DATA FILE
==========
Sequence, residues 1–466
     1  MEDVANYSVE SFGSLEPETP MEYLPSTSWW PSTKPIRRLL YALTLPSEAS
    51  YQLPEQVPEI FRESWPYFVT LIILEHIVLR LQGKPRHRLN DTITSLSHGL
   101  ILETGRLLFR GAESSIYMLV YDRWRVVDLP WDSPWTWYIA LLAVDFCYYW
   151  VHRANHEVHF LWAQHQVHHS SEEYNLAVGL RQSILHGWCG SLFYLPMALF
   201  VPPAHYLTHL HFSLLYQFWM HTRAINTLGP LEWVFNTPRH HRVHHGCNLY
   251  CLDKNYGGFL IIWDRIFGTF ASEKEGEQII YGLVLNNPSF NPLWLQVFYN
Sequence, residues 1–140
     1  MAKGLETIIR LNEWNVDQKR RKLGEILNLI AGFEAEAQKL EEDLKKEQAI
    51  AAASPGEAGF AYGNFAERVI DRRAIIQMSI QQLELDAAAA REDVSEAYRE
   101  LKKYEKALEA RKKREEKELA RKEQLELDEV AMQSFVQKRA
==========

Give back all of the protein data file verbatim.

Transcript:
Sequence, residues 1–466
     1  MEDVANYSVE SFGSLEPETP MEYLPSTSWW PSTKPIRRLL YALTLPSEAS
    51  YQLPEQVPEI FRESWPYFVT LIILEHIVLR LQGKPRHRLN DTITSLSHGL
   101  ILETGRLLFR GAESSIYMLV YDRWRVVDLP WDSPWTWYIA LLAVDFCYYW
   151  VHRANHEVHF LWAQHQVHHS SEEYNLAVGL RQSILHGWCG SLFYLPMALF
   201  VPPAHYLTHL HFSLLYQFWM HTRAINTLGP LEWVFNTPRH HRVHHGCNLY
   251  CLDKNYGGFL IIWDRIFGTF ASEKEGEQII YGLVLNNPSF NPLWLQVFYN
Sequence, residues 1–140
     1  MAKGLETIIR LNEWNVDQKR RKLGEILNLI AGFEAEAQKL EEDLKKEQAI
    51  AAASPGEAGF AYGNFAERVI DRRAIIQMSI QQLELDAAAA REDVSEAYRE
   101  LKKYEKALEA RKKREEKELA RKEQLELDEV AMQSFVQKRA